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November 14th, 2014


That modern Interior Design dilemma – how to disguise the television

It used to be so simple. The pulling power of a fireplace as the central focal point of the room for warmth largely determined the layout of sitting rooms across the country.

Then along came central heating, releasing the family from a huddle round the open living-room fire (sitting around a radiator was never going to be an attractive proposition). And then came along a second change that was to dominate the sitting room in a concerted and concentrated way: the television!  The television isn’t just the dominant medium of the second half of the twentieth century, but also often the object that determines the shape of a room and the direction of its furniture, particularly as the screensize has continued to increase.

1950′s families gathered around the TV as the new focal point of the sitting room

1950′s families gathered around the TV as the new focal point of the sitting room

It’s probably split us all into several camps – “those determined not to have a television in their sitting room”, “those who need one in the sitting room, but really do not want it to dominate the room” and then “the television above the fireplace camp!”

The traditional fireplace still has a lot of pulling power as the main focal point

The traditional fireplace still has a lot of pulling power as the main focal point
Image found on Houzz.com

 


Image found on Houzz.com

This blog focuses on the middle dilemma – we might love to spend our spare time watching television – or to turn our living room into a home cinema room, but that doesn’t mean we want the focal point of our living room to always be the television.

Luckily, now we have new, flat and slimline televisions, there are plenty of ways to hide a flat screen television – with a bit of imagination…

1) Create a stronger focal point to detract from the television

Artwork, or an attractive mirror make a much better focal point for any interior design scheme, than a large television. In this example the potential dominance of the television is nicely balanced by the surrounding artwork and the addition of the interesting floorlamp.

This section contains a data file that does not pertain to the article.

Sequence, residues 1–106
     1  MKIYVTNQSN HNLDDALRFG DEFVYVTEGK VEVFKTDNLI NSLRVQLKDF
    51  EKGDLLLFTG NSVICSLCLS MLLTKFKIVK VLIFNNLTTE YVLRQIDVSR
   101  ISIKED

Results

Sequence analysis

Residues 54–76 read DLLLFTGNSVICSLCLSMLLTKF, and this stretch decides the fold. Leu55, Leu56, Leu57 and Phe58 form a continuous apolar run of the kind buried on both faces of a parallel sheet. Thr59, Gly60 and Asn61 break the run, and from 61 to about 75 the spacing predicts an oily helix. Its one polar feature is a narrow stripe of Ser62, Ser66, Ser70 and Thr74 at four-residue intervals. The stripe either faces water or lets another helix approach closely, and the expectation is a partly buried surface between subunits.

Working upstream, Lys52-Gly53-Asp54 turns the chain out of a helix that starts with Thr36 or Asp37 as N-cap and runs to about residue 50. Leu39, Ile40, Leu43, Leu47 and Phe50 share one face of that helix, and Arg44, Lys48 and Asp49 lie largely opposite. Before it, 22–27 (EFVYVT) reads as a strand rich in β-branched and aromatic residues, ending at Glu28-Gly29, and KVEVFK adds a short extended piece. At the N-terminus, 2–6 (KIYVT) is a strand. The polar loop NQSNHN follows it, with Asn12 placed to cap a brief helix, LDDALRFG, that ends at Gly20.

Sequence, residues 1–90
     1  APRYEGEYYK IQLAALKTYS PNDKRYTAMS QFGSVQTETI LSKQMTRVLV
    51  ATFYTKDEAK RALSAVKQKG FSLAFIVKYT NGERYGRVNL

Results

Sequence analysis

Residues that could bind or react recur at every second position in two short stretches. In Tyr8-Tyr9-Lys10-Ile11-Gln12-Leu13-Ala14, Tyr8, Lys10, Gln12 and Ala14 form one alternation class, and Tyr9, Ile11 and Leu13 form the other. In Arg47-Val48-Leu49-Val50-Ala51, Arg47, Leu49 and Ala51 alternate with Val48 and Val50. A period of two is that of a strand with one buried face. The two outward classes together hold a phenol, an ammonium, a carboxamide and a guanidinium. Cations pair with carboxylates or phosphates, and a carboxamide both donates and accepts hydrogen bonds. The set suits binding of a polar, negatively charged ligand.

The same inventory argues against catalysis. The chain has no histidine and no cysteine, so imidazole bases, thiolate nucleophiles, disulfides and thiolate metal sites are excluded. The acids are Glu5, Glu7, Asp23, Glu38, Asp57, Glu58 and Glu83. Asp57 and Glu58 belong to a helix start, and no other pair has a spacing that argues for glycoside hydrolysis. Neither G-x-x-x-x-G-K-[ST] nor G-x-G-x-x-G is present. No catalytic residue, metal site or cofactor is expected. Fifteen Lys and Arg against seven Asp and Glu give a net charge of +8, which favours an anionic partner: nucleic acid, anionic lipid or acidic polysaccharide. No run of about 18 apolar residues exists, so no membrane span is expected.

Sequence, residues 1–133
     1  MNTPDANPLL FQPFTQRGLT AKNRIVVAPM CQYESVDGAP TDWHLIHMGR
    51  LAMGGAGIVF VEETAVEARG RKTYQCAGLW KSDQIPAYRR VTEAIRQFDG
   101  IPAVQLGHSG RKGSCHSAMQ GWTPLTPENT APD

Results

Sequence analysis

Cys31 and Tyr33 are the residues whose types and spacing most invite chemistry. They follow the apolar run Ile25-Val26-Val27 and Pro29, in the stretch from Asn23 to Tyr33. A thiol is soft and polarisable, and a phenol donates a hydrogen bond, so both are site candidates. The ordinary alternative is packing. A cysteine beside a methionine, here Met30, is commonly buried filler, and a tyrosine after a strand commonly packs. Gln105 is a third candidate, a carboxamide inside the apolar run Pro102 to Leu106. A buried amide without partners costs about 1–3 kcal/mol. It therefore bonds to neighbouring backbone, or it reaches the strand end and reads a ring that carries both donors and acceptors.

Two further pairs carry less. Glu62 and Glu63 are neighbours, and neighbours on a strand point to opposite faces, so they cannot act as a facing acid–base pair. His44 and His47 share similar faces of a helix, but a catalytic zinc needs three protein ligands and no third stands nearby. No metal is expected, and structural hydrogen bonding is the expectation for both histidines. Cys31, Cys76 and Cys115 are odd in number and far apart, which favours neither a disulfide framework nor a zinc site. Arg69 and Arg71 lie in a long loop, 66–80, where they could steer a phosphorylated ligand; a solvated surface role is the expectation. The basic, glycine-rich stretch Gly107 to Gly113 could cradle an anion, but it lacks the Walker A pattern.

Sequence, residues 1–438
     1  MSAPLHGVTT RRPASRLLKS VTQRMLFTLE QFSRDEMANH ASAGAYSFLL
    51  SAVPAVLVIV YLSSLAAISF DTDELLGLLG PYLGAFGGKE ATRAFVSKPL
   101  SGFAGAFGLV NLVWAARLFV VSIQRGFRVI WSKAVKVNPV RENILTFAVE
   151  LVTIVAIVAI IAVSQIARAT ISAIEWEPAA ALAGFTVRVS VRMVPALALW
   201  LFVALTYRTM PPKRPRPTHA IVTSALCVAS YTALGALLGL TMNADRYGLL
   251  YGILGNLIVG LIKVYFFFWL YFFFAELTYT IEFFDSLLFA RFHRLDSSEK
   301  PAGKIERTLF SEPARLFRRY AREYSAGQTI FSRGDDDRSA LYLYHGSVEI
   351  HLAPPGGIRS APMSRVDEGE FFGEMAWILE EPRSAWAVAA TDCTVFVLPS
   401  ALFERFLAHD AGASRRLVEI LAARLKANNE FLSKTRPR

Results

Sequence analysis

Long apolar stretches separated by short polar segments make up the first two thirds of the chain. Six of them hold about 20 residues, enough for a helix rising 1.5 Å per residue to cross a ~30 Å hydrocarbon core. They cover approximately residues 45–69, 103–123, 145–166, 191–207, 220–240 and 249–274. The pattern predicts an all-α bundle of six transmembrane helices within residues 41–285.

Creating alternative focal points to disguise the TV

Creating alternative focal points to disguise the TV
Image found on DomaineHome

Offsetting the television to the left in a built-in unit is another easy and inexpensive way to make sure it doesn’t dominate the room. A white television can also look great in the classic white built-in shelving unit.

TV offset to the side

TV offset to the side
Image found on dgxywl.com

2) Hide it behind a sliding panel

In certain settings another easy way to hide your television is behind sliding doors or a panel. This can work really well in period properties where the paneling already exists.

Here, a sliding panel to match the architecture of the room disguises the TV when not in use
Here, a sliding panel to match the architecture of the room disguises the TV when not in use
Image found on CentsationalGirl

3) Buy or create a cabinet

These can be traditional, modern, mechanised or fairly plain and simple. Often a local carpenter is the best option to create something bespoke that works for your setting. Here is an “in progress” shot of a traditional audio/visual unit that my carpenter is currently bespoking for a client.

Bespoke "in progress" audio visual unit

Bespoke “in progress” audio visual unit

Friends of mine use this more relaxed option with a vintage feel for disguising theirs…

Both are favourites as they keep the television at an “ideal” viewing height versus the “above the fireplace” option.

Vintage cupboard for television storage

Vintage cupboards are another option for television storage

Vintage TV cupboard, the doors could slide in?

Vintage TV cupboard, the doors could slide in?
Image found on belgianpearls.blogspot.com

4) Disguise it as a mirror or a painting

This solution has developed significantly in the last five years with both mirrors and artwork now looking very convincing when they disguise a television. Many specialists offer a large range of options for the frame and are happy to bespoke solutions. Have a look at Suera.com or Kensington Home Technology for ideas.

"Mirror Television" Image found on Pictureframe.TV

“Mirror Television”
Image found on Pictureframe.TV

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